Food Fight – “ITS” Going to be a Good One


Pictured Above: (Clockwise from top left) [Judges:] Jon Dunlap, Diana Lin, [Students:] Scott Himelein, Elissa Harvey, Jason Laicha, Allie Jones

Maybe number 7 is the charm, but the seventh anniversary of the Introduction to Transactional Skills Program (ITS), Friday October 12, may have been the most impressive showing yet. According to faculty coordinator Professor Andrea Monroe, 188 students participated, 14 faculty members taught small section classes, including our illustrious Dean, Greg Mandel, 14 upper-level students TA’d the small section classes, and a team of technology superheroes and partners from the law school’s administrative staff made everyone look good.

ITS, for those who don’t know, is Temple Law’s two-week immersion in negotiating and drafting a business deal. Students pair off to represent either a restauranteur (“Emeril Starr”) or his investor (“Carly Whitman”). Students learn how to identify and address typical transactional issues in such a deal, including how much money Carly puts in, how much equity Emeril gets, what the covenant-not-to compete covers, and so on.

This year, for the first time, every ITS final negotiation – that’s right, ALL 47 sessions — occurred simultaneously. Finding every open spot in Klein and Barrack, and with the help of 70 intrepid alumni and other participants, the saga of Chef Starr and financier Whitman was played out yet again throughout the law school. This year, there was a slight change to the fact pattern which had the effect of nudging our burgeoning transactional lawyers to find creative ways to supplement and find solutions to save a difficult business relationship that had gone bad. In the wake of the recent bankruptcy of the Restaurant King, Jose Garces, this fact pattern strongly resonated with students and the “real world” of the food business.

As Professor Jonathan Lipson, a long-time ITS instructor, observed, “ITS … is: educational and engaging for the students; impressive and inclusive for the alumni-judges; and easy and fun for (faculty).” Teams of two students each represented Carly and Emeril, taking their relationship from term sheet to contract to settlement. As in the past, the teams were given a “surprise” fact development in Friday’s final round, only 45 minutes before the final negotiations were scheduled to begin.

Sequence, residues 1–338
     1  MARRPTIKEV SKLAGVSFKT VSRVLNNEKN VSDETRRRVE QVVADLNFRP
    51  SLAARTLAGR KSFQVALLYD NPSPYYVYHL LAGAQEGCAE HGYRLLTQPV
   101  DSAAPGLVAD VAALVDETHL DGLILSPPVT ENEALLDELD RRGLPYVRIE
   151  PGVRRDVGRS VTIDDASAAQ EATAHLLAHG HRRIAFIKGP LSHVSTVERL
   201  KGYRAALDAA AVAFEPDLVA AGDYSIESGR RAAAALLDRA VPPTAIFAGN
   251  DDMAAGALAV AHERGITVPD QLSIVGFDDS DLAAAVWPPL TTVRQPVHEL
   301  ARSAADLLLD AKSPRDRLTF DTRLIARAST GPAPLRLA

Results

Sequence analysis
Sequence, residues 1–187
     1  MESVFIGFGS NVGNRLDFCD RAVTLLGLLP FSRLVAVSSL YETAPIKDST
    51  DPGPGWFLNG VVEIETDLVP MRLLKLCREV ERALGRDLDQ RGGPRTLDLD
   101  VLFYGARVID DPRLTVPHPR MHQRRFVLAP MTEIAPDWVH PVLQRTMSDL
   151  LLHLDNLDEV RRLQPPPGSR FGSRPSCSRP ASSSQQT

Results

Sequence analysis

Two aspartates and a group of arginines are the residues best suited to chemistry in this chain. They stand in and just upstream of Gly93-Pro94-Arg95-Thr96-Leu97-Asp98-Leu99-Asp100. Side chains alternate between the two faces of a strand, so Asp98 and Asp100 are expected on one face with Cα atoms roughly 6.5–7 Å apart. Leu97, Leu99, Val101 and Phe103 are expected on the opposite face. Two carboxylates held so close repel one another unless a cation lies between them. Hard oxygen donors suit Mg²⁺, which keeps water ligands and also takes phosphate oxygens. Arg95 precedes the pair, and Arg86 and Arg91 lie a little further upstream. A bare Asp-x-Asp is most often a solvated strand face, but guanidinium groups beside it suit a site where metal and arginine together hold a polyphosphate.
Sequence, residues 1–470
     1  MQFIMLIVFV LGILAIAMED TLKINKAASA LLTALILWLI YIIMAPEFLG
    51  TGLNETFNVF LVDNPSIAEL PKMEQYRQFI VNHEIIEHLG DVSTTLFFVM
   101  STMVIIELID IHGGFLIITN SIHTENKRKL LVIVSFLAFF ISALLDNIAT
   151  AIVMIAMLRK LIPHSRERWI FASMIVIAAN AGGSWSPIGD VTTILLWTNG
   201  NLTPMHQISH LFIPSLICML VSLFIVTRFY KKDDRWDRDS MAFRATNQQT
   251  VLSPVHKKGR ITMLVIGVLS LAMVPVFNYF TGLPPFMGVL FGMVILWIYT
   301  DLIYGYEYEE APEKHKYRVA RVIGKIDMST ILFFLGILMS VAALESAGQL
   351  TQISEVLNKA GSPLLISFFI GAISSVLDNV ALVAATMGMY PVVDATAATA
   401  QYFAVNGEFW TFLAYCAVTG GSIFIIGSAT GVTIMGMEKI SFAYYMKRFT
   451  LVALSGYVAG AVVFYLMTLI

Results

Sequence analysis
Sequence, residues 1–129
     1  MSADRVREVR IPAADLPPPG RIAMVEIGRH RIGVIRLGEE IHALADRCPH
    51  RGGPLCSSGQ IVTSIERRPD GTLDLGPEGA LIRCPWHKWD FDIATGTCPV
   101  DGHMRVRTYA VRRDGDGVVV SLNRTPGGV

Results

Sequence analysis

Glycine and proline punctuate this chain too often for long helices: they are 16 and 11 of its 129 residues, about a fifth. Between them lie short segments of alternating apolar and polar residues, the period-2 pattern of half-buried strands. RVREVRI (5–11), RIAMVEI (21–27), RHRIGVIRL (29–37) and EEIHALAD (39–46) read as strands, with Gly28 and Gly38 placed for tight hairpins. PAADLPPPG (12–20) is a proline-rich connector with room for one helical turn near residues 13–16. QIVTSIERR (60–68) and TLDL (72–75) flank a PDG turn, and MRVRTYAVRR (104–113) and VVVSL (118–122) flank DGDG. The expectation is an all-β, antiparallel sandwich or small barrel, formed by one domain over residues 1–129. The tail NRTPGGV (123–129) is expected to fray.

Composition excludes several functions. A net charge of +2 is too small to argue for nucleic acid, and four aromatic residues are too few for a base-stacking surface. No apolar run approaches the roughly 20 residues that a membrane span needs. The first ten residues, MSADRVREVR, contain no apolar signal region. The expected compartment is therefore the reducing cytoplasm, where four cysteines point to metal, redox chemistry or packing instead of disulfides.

In talking with the students, most if not all of them enjoyed the change of pace smack in the middle of their first semesters in law school. It got them “out of their comfort zone” and allowed them to meet students from outside their sections while still navigating the 1L experience. Although occurring during a difficult time of the semester, the exercise exposed many to an area of law they had not seriously considered. When asked, most students identified litigation, criminal law, public service, and the like as primary areas of interest. Recognizing the creativity and ability to effect real solutions for clients through transactional work was, for many, an “aha” moment.

Although a significant amount of work, Professor Monroe says that “it’s really a pleasure to coordinate the course – I think it’s Temple at its best with faculty, upper level students, staff, and our amazing alums working together to provide a unique and innovative introduction to transactional skills and transactional lawyering for the newest members of our community, the 1Ls.”

Of course, because no good deed goes unpunished, Professor Monroe observed that “with this semester in the books, it’s time to start planning for next semester, when we do the whole thing again for our evening division 1Ls.”

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